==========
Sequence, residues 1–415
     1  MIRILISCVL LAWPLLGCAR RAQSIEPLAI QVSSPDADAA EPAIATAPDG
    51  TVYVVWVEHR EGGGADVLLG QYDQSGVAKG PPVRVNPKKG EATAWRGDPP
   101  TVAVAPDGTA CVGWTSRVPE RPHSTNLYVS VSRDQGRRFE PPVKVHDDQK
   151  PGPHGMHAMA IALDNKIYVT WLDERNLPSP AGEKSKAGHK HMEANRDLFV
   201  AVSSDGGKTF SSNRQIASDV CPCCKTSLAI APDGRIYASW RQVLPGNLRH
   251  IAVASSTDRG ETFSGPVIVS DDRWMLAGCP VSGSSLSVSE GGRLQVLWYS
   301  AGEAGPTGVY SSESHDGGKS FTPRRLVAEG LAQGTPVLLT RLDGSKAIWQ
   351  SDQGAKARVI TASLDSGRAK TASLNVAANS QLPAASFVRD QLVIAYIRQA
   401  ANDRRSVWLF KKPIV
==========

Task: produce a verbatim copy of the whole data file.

Sequence, residues 1–415
     1  MIRILISCVL LAWPLLGCAR RAQSIEPLAI QVSSPDADAA EPAIATAPDG
    51  TVYVVWVEHR EGGGADVLLG QYDQSGVAKG PPVRVNPKKG EATAWRGDPP
   101  TVAVAPDGTA CVGWTSRVPE RPHSTNLYVS VSRDQGRRFE PPVKVHDDQK
   151  PGPHGMHAMA IALDNKIYVT WLDERNLPSP AGEKSKAGHK HMEANRDLFV
   201  AVSSDGGKTF SSNRQIASDV CPCCKTSLAI APDGRIYASW RQVLPGNLRH
   251  IAVASSTDRG ETFSGPVIVS DDRWMLAGCP VSGSSLSVSE GGRLQVLWYS
   301  AGEAGPTGVY SSESHDGGKS FTPRRLVAEG LAQGTPVLLT RLDGSKAIWQ
   351  SDQGAKARVI TASLDSGRAK TASLNVAANS QLPAASFVRD QLVIAYIRQA
   401  ANDRRSVWLF KKPIV